Parents and some retired teachers have raised numerous ongoing health concerns that they say stem from the chemicals and mold that has been found in various locations on school grounds. The building, they say, should be permanently closed. 

The incident is the latest issue parents argue that deems the site unsafe for children and teachers. The decision to close a school for air quality concerns falls under the jurisdiction of the school board, according to county and state health agencies. 

The district has stated on multiple occasions that it has found no evidence of unsafe air or conditions that would justify closure.

As stated in an email from Superintendent Robert Banzer sent to parents, PW Grosser Consulting, the environmental firm that discovered the elevated mercury levels, recommended that classrooms G-51 and G-52 remain unoccupied until further notice. G-51 has not been occupied since Dec. 10 stemming from a foul “rotten-egg” odor that was blamed on the school’s new heating and ventilation system.  

PWGC also recommended that students not occupy classroom G-53.  PWGC also recommended further air and vapor testing inside classrooms G-51, G-52 and G-53. 

Some parents, though, say students should be moved immediately. Former board member Tammie Topel said in a public letter that’s been widely circulated that sixth-graders should be scheduled to attend school at their home elementary school and seventh and eighth-graders should be moved to the district’s other middle school.  A 35 percent school population drop, she said, suggests that it is a viable option to explore. (See Topel’s open letter on page 18.)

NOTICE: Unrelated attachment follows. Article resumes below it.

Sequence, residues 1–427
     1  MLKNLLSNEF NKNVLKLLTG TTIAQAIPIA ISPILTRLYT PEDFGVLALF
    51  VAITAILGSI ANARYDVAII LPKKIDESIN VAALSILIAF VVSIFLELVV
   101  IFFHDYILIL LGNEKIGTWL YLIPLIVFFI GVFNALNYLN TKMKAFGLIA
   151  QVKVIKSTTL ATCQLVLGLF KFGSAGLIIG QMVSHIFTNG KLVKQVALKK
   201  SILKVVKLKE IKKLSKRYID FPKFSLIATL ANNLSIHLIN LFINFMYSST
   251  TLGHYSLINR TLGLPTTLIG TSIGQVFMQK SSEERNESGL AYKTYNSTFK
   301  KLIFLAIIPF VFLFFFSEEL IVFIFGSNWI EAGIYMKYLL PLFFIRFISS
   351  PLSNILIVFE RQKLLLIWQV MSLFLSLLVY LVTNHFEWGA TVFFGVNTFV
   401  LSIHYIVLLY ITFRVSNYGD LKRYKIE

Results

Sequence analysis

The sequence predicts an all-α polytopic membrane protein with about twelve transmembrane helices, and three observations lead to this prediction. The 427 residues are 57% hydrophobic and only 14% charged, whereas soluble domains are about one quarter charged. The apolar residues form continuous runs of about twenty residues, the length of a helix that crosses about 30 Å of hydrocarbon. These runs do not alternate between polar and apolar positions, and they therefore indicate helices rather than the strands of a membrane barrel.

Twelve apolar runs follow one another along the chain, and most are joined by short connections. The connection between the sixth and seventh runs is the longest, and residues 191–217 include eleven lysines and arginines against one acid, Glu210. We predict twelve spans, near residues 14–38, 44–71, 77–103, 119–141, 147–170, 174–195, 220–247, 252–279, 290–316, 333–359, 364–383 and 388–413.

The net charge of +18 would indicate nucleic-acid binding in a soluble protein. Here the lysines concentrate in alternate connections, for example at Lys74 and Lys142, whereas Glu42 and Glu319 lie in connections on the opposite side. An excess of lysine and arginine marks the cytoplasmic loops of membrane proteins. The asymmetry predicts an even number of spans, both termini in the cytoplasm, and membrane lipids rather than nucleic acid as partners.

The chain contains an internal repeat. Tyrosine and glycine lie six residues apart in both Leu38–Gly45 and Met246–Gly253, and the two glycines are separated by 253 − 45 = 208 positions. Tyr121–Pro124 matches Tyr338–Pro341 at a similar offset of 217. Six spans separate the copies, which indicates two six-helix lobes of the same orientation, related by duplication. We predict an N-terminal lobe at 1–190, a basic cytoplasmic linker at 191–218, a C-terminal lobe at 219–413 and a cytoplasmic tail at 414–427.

The ongoing string of incidences raises serious questions about outside oversight of health standards in school districts. Several families in 2018 filed suit alleging that the district, county, town, state and the county and state health departments alleging personal injury induced by toxic exposures as a result of negligence. 

That year, the school remodeled its K-wing after toxic chemicals and volatile organic compounds were found in the building. 

Lawyers representing some of the families did not respond to messages left with their office.  

Last month, in response to a Nov. 20 TBR News Media article that exposed that the Northport-East Northport School District was in violation of some laws governing petroleum bulk storage, district officials announced that they would move its bus depot and refueling station from its location at the middle school to Cavay’s Building & Lumber Supply on Brightside Avenue. 

Meanwhile, a petition posted on Change. org called Close Northport Middle School has garnered over 3,050 signatures.

Banzer did not respond to request for comment prior to going to print about whether or not the board is discussing closing the school or relocating students.